I lay down my brush. Michal’s admiring her pink flowers, Esther’s finished the fruit she’s been painting on an applecart, Sari and Devorah are already long since done and sharing a bag of chips.

“It looks… wow,” says Sari.

“Waaaay better than it was before,” Devorah agrees.

“I love how you added depth to the picture,” Esther said, pointing to the marketplace stalls and cluster of houses.

“It’s amazing,” Michal says, standing up. “Ashira, you’re a star. You saved the scenery.”

“Go-o-o Ashira!” Sari cheers, and I blush and stammer something like it was nothing and feel super awkward as they all cheer my name.

“Now what?” Esther asks. “I mean, we need to leave it to dry.”

My heart drops. Now what, indeed. It had been so fun to be part of the scenery, part of a social group, that I hadn’t really thought about… what would come next.

“It’ll dry before we come back to school,” Michal says. “And next week when we’re back in school, we start on the second backdrop.”

Second backdrop? The goofiest smile breaks out on my face. I hadn’t known there would be another one.

I know I can’t prolong it forever. Someday I’ll have to make friends my own age, but for now, for now, I’m part of something.

“You busy lady,” Faiga greets me laughingly at the next play practice. I slide into my seat, panting a little. I’d gone to help the scenery girls start off, before running over here for my scenes. “Where are you all the time these days?”

“I kind of joined scenery,” I tell her.

“Oh, you’re so cool. So multitalented.”

Whoa. That’s nice… I never really thought of myself like that. Am I? And do people look at me like that? Not like, the loser actress with five lines in the whole play?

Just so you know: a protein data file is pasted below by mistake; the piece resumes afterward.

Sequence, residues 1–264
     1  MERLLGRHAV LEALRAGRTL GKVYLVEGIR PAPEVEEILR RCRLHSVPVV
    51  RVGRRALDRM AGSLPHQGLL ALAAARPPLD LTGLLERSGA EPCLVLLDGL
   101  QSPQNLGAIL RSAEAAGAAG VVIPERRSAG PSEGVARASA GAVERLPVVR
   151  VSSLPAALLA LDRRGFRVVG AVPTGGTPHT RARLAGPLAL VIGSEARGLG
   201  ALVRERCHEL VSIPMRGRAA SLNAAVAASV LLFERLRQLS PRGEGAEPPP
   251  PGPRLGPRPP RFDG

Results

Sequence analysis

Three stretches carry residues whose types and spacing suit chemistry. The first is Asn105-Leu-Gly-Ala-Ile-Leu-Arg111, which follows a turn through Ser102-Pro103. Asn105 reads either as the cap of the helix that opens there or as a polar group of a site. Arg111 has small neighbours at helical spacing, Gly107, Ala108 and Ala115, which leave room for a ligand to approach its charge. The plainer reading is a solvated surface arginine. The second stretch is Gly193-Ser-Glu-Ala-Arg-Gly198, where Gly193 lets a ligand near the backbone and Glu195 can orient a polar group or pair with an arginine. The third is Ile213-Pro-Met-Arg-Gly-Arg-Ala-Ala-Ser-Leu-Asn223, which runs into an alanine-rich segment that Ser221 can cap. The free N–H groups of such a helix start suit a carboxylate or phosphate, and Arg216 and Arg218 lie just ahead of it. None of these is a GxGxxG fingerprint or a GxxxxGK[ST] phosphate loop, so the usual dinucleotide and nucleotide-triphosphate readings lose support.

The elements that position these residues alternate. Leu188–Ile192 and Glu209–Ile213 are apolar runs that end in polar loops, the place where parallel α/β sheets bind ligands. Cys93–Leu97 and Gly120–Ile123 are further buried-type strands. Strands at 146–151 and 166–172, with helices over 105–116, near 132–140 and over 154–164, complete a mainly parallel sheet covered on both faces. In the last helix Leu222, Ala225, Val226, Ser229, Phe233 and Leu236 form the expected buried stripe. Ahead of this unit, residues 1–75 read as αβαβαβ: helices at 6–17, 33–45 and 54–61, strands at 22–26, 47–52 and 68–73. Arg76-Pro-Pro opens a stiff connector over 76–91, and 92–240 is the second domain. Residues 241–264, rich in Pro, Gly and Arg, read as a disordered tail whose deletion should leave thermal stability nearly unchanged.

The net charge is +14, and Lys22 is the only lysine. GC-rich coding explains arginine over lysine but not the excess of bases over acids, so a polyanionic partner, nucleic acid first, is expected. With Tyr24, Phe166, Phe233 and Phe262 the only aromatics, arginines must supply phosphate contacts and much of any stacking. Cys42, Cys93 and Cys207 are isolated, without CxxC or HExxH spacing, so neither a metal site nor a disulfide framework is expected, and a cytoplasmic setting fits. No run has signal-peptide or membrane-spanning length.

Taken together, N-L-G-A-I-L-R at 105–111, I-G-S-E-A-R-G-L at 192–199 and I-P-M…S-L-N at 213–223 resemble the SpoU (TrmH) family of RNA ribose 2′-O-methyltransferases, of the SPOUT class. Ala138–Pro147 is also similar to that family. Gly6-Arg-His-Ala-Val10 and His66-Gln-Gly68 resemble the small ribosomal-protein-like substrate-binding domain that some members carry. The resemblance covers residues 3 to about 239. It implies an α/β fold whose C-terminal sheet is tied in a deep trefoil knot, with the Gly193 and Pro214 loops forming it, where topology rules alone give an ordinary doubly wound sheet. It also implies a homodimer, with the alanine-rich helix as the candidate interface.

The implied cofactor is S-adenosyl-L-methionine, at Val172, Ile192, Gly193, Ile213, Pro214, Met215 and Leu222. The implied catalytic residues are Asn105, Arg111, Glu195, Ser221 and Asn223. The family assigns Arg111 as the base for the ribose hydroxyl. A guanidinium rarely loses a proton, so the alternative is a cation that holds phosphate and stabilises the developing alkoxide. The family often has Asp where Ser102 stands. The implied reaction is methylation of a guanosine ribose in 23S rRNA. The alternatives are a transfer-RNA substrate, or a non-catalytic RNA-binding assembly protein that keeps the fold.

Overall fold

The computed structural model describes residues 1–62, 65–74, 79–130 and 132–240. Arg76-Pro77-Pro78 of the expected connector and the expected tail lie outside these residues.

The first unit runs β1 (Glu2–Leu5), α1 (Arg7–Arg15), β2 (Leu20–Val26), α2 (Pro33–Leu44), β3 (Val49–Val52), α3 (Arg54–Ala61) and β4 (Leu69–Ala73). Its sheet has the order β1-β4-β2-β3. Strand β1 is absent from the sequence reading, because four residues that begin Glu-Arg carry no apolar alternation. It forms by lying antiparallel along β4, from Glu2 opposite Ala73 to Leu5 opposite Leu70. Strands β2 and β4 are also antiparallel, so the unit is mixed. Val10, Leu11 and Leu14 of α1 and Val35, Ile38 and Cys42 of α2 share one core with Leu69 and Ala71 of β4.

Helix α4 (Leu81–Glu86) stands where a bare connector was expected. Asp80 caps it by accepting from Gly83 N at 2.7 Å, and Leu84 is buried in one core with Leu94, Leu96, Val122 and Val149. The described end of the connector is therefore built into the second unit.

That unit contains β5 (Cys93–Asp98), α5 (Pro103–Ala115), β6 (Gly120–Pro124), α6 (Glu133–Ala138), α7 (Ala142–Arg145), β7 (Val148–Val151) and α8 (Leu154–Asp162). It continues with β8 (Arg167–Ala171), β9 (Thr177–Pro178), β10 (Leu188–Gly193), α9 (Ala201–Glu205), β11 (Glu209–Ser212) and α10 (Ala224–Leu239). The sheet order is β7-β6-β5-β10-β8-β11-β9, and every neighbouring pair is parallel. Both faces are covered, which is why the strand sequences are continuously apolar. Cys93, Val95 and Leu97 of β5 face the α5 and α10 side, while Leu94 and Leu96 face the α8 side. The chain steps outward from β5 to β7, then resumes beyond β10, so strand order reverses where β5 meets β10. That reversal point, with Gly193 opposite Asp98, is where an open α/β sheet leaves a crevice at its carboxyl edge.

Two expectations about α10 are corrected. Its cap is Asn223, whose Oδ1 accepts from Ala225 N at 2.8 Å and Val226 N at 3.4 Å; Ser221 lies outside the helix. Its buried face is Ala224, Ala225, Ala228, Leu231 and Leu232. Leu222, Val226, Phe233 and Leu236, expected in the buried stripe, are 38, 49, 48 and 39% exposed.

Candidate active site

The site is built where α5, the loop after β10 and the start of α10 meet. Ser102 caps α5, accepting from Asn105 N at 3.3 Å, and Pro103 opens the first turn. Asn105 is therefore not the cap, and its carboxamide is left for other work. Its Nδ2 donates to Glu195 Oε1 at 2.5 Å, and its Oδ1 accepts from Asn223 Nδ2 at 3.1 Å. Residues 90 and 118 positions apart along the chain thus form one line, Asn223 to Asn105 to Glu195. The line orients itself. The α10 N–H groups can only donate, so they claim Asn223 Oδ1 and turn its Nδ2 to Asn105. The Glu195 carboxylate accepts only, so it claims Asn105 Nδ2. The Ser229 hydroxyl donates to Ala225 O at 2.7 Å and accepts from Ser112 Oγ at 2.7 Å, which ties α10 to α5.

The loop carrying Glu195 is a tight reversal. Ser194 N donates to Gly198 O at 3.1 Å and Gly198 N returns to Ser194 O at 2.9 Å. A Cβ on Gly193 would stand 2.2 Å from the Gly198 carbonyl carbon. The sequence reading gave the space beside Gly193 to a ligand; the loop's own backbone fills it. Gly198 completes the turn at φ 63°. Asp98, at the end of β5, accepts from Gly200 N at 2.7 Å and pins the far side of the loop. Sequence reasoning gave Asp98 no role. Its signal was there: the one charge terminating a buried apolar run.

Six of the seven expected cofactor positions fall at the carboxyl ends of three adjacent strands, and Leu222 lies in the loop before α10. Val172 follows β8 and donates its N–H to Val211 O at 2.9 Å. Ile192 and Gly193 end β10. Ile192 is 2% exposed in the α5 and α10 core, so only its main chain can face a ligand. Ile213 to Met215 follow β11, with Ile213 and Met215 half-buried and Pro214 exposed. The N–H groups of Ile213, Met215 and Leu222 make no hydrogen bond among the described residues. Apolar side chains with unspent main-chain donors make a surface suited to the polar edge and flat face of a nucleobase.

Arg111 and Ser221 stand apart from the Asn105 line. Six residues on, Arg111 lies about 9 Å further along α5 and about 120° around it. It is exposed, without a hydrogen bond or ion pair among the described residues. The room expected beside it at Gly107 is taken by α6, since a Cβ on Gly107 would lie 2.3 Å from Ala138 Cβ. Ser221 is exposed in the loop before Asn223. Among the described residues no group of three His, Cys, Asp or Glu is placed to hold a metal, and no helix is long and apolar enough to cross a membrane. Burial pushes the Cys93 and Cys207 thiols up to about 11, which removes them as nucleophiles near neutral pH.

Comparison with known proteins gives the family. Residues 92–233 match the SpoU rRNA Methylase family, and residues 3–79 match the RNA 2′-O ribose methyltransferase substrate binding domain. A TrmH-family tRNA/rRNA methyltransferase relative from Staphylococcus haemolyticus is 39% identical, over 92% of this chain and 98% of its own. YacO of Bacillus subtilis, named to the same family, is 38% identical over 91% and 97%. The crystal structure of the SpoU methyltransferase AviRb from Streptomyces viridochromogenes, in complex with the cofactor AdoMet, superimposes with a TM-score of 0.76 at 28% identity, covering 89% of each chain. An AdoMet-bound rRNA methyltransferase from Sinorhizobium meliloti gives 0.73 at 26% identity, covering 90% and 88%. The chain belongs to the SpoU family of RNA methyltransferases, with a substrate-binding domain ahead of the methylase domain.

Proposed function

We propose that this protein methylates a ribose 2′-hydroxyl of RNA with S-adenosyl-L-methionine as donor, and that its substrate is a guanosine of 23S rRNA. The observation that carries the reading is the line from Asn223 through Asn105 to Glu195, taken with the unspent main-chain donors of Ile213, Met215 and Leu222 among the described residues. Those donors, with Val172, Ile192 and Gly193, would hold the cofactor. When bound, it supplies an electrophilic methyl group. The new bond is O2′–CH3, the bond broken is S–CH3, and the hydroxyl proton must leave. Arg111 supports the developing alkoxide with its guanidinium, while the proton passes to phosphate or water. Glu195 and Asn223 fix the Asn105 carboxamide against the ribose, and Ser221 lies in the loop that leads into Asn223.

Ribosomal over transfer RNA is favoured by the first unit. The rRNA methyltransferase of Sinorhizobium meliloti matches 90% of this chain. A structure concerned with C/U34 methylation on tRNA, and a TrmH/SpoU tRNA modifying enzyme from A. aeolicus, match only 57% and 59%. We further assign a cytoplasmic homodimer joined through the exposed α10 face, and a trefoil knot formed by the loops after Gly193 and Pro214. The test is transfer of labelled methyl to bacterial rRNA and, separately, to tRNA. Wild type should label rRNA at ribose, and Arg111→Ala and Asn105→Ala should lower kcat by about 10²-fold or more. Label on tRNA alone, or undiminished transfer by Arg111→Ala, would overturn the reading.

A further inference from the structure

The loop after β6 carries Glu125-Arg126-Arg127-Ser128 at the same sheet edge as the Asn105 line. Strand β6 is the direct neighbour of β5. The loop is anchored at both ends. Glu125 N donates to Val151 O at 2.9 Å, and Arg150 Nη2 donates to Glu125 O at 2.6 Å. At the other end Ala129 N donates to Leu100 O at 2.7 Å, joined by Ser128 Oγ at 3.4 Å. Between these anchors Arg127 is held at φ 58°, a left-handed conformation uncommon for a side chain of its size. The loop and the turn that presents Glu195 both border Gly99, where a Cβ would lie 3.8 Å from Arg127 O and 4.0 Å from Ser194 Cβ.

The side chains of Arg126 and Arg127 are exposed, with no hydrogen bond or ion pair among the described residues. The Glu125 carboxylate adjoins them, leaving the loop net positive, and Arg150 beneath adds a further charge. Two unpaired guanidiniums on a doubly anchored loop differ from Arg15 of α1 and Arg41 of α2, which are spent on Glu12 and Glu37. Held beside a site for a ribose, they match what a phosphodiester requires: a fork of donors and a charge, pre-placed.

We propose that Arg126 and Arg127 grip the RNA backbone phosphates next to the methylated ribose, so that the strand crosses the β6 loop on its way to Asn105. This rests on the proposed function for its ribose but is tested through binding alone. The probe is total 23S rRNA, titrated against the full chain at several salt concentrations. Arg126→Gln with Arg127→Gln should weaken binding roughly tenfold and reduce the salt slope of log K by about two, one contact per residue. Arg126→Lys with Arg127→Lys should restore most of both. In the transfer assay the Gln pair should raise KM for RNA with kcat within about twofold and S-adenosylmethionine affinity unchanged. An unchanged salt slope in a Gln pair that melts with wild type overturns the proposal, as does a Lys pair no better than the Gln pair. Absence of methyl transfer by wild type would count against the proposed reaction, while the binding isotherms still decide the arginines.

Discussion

“I dunno, I just went to help scenery, because I have this ridiculous part in the play,” I say. Why am I sharing this with Faiga? I feel so stupid.

“Oh, that’s nothing, you told me you didn’t even try out, right? Besides, you can tell you know what you’re doing, just from the way you say your lines.”

Oh. Thanks, I guess.

Our scene’s coming up. No scripts now, I leave it on the seat as Faiga and I make our way onstage for Scene 11.

“Time to do my very talented rendition of, ‘Oy, Mama,’” I mutter to Faiga. She cracks up.

Tammy’s onstage already. For a moment, I catch her eye, she quickly looks away. Why’s she watching me and Faiga? There’s something in her eyes… that tugs at me. Reminds me of… myself.

Does she have a play friend?

She’s got a large part, doesn’t really need company for between scenes like I do, but I remember what I noticed about Tammy back when she was on her campaign to make friends with me — she’s friends with everyone, close with no one. Most girls in play have one or two close friends in it with them, but Tammy’s sort-of chevreh from our own class are all in choir. So she sits with some classmates between scenes but… I never really see her laughing, getting involved.

Not that I’m watching much these days.

Between scenery and my four scenes, and my friendship with Faiga — we have great conversations when she’s not onstage — I haven’t really got time to watch anyone else.

It’s better that way, I think, as I march past Tammy and take up my position in the corner of the stage.

I have enough on my plate without worrying about anyone else’s sticky social life.

to be continued…


(Originally featured in Mishpacha Jr., Issue 973)